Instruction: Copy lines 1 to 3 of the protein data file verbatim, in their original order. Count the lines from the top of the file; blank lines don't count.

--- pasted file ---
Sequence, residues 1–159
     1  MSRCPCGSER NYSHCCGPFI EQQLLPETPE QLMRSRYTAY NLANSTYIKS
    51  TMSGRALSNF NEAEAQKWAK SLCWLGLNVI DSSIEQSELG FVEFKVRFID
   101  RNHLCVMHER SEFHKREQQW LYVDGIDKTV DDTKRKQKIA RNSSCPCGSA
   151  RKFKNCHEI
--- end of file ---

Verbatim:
Sequence, residues 1–159
     1  MSRCPCGSER NYSHCCGPFI EQQLLPETPE QLMRSRYTAY NLANSTYIKS
    51  TMSGRALSNF NEAEAQKWAK SLCWLGLNVI DSSIEQSELG FVEFKVRFID